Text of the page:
I got the idea for the caramelized nut tart from this post at Simply Recipes, and let me tell you – words can’t describe the great flavor of this. It’s like the part that makes sticky buns good condensed into tart form. Of course, I’ve always had a thing for caramel and nuts together, so… For some reason, this one didn’t go over too well, so lucky me has tons of leftovers. 🙂 Probably because there was what everyone though was pumpkin pie to be had.

The other dessert that I made from scratch was Brown Sugar Squash Pie. It’s a great custard pie that I made with butternut squash from the CSA box, and it tasted like a cross between sweet potato and pumpkin pie, only with better flavor. I always find the spices in both a bit overwhelming, but this recipe was a nice balance. I will definitely make this again, it came out perfectly. My only change to the recipe was that I used refrigerated pie dough instead of homemade. This went over like gangbusters, my guests went through an entire pie in 10 minutes flat. 🙂

I definitely should do more baking. As a matter of fact, I need to start my Christmas baking soon. Haven’t decided what to make yet.


Friday Roundup 11/24/06

This week is a little quiet on the blogging front, with most posts focused on Thanksgiving. There are only so many ways to roast a turkey, so I’ll focus on the posts that really stood out to me.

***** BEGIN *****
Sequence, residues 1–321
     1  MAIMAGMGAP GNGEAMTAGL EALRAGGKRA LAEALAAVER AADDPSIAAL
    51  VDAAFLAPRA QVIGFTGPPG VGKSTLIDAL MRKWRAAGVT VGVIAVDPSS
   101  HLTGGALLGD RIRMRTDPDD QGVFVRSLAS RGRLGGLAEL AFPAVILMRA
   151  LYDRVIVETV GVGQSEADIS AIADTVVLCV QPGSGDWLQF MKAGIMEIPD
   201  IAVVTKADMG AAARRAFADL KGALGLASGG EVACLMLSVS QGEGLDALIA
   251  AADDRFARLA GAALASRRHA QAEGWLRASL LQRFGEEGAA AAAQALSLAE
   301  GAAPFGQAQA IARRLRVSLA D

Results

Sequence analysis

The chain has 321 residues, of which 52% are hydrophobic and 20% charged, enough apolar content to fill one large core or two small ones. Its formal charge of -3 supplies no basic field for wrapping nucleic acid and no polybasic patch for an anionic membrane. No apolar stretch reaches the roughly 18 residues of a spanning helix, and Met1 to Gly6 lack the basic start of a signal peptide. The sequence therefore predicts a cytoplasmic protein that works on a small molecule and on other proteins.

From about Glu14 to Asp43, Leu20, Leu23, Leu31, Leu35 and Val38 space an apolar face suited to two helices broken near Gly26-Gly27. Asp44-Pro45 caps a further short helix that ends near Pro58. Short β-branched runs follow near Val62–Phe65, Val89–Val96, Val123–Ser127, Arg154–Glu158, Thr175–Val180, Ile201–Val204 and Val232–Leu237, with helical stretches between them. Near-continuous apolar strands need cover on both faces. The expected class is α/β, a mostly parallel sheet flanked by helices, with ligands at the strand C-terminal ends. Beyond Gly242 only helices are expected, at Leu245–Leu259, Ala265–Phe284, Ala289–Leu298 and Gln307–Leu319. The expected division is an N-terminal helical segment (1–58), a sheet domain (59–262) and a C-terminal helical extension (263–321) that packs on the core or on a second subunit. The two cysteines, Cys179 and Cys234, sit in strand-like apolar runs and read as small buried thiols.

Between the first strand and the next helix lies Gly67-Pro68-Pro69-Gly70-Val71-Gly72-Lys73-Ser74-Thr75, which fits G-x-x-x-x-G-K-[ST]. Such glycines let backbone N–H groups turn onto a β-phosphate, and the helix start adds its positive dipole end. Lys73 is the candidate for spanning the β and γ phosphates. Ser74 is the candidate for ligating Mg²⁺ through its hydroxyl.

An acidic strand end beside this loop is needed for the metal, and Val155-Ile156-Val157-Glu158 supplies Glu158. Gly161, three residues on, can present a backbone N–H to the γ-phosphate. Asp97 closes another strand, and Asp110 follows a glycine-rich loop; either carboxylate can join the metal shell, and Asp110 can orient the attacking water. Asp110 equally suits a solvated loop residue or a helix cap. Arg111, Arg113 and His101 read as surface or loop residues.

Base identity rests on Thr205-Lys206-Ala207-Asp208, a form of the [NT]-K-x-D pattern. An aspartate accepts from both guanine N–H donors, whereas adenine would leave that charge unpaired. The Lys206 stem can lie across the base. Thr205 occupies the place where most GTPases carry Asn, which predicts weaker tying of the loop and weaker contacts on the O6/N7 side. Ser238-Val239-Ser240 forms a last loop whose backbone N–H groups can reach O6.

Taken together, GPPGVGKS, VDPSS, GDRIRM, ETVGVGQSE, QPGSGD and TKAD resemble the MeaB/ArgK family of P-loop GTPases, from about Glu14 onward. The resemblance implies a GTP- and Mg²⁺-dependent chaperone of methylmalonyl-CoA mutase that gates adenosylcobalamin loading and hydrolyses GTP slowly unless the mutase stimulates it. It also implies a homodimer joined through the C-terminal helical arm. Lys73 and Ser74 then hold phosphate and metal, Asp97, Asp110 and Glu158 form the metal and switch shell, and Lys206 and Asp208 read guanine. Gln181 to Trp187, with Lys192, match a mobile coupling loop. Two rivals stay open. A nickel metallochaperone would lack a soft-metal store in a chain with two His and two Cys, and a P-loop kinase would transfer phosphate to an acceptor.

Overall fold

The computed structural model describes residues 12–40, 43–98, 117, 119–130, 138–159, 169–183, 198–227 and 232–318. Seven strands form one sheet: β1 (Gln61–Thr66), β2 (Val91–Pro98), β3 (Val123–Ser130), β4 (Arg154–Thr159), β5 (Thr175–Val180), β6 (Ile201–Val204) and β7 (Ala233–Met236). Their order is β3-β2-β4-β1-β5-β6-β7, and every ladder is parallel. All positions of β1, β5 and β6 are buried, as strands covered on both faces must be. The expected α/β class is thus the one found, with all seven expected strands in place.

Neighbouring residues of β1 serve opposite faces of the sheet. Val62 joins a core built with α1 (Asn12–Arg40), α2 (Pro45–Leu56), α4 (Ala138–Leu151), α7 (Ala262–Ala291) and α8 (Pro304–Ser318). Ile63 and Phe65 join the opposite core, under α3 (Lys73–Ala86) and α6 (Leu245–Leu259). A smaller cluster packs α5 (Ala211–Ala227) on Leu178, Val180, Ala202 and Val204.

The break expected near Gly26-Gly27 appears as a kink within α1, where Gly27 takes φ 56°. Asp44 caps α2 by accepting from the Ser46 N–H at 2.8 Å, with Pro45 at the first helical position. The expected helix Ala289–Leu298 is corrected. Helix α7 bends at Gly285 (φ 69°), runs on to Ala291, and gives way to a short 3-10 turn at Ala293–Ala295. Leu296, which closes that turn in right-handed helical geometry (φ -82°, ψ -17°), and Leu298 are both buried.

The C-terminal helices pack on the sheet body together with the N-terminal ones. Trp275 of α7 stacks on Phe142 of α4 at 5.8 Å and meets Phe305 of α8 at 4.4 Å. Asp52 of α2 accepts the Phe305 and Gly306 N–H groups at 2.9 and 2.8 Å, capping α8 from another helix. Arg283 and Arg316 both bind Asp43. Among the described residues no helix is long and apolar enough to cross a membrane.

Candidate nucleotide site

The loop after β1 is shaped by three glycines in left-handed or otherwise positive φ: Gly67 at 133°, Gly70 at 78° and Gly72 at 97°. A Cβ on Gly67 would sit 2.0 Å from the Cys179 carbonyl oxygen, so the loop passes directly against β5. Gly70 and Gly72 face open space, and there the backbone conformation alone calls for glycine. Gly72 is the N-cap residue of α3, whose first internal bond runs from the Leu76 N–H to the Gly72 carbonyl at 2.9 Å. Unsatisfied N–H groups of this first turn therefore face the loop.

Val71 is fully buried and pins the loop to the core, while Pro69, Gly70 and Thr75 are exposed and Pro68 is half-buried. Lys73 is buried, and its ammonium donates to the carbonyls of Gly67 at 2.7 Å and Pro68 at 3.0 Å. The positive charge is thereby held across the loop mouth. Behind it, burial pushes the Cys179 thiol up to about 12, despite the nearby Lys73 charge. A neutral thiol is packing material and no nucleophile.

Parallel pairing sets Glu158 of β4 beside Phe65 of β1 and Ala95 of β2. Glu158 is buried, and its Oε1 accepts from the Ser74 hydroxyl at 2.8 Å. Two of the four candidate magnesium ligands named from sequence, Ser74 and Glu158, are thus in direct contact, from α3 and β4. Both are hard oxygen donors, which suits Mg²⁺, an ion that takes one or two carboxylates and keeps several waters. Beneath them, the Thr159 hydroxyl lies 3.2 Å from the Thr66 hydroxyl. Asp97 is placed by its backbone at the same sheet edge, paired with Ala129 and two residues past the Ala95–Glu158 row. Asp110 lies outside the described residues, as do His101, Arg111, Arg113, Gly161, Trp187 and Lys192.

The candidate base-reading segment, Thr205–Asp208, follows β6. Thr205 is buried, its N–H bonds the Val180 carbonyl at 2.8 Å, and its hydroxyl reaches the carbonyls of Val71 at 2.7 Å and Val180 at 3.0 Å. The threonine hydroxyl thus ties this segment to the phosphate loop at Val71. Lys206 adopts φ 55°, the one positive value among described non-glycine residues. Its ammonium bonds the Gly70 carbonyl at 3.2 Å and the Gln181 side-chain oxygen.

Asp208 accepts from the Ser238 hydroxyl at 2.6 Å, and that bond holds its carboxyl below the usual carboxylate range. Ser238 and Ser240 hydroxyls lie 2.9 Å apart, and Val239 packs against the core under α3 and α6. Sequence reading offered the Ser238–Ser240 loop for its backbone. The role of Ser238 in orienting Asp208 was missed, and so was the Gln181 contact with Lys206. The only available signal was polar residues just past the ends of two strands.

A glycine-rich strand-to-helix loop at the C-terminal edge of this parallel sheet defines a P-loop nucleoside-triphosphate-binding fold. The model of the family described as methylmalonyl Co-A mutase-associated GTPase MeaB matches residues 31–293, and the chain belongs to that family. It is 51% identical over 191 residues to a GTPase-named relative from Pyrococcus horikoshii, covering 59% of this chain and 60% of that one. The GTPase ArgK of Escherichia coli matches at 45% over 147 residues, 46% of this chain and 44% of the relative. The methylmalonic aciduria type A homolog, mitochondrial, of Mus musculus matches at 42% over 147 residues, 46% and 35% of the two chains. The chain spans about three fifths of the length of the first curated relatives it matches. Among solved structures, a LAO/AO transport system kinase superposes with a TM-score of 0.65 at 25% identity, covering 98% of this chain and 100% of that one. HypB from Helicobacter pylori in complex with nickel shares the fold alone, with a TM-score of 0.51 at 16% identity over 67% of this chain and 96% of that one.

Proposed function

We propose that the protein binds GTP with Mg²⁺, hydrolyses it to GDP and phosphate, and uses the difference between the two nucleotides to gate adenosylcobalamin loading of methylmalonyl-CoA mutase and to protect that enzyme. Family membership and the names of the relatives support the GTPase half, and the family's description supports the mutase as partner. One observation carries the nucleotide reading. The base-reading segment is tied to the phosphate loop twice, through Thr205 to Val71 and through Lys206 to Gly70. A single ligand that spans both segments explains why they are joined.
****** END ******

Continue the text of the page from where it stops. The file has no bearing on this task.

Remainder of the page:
And let me just say now, Penzey’s Turkey Base rocks my world. Looks like The Food Ass agrees with my Penzey’s love. Why did it take me so long to discover the place?

Since the holiday is done and overwith, now we all have a bunch of leftovers to use up. The Columbus Dispatch suggests Turkey Panini with Farmhouse Cheddar and Cranberry Chutney or Mashed Potato and Turkey Soup.

Last week, Dispatch readers voted Bob Evans (?!? you’re kidding, right?) as best Turkey dinner. To say I thoroughly disagree is the understatement of the year. Blech. This week, they want to know who has the best gourmet burger in Central Ohio. Out of the ones I’ve tried (about half of the list), I’d have to say Elevator for eating in, Red Robin for takeout (have you guys seen the way they pack up to go orders? Awesome!). Contribute your two cents for a chance to win a $25 gift certificate.